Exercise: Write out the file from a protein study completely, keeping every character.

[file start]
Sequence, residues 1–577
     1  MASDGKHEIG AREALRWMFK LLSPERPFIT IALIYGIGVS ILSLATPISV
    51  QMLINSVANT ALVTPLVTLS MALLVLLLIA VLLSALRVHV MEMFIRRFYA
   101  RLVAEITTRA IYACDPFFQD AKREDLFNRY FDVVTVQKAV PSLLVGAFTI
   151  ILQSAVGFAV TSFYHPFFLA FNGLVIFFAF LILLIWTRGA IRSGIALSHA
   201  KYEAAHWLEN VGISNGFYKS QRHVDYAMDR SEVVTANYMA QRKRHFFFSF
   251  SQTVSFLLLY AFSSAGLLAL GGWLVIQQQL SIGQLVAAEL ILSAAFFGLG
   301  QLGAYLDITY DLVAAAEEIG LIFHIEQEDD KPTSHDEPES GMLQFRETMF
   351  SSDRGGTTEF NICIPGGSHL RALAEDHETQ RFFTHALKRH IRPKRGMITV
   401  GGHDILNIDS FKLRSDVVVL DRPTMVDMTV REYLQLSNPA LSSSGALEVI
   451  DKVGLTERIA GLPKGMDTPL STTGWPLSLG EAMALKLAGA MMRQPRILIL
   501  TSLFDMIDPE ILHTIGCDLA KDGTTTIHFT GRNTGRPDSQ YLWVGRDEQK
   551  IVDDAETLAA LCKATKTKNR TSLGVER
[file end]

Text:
Sequence, residues 1–577
     1  MASDGKHEIG AREALRWMFK LLSPERPFIT IALIYGIGVS ILSLATPISV
    51  QMLINSVANT ALVTPLVTLS MALLVLLLIA VLLSALRVHV MEMFIRRFYA
   101  RLVAEITTRA IYACDPFFQD AKREDLFNRY FDVVTVQKAV PSLLVGAFTI
   151  ILQSAVGFAV TSFYHPFFLA FNGLVIFFAF LILLIWTRGA IRSGIALSHA
   201  KYEAAHWLEN VGISNGFYKS QRHVDYAMDR SEVVTANYMA QRKRHFFFSF
   251  SQTVSFLLLY AFSSAGLLAL GGWLVIQQQL SIGQLVAAEL ILSAAFFGLG
   301  QLGAYLDITY DLVAAAEEIG LIFHIEQEDD KPTSHDEPES GMLQFRETMF
   351  SSDRGGTTEF NICIPGGSHL RALAEDHETQ RFFTHALKRH IRPKRGMITV
   401  GGHDILNIDS FKLRSDVVVL DRPTMVDMTV REYLQLSNPA LSSSGALEVI
   451  DKVGLTERIA GLPKGMDTPL STTGWPLSLG EAMALKLAGA MMRQPRILIL
   501  TSLFDMIDPE ILHTIGCDLA KDGTTTIHFT GRNTGRPDSQ YLWVGRDEQK
   551  IVDDAETLAA LCKATKTKNR TSLGVER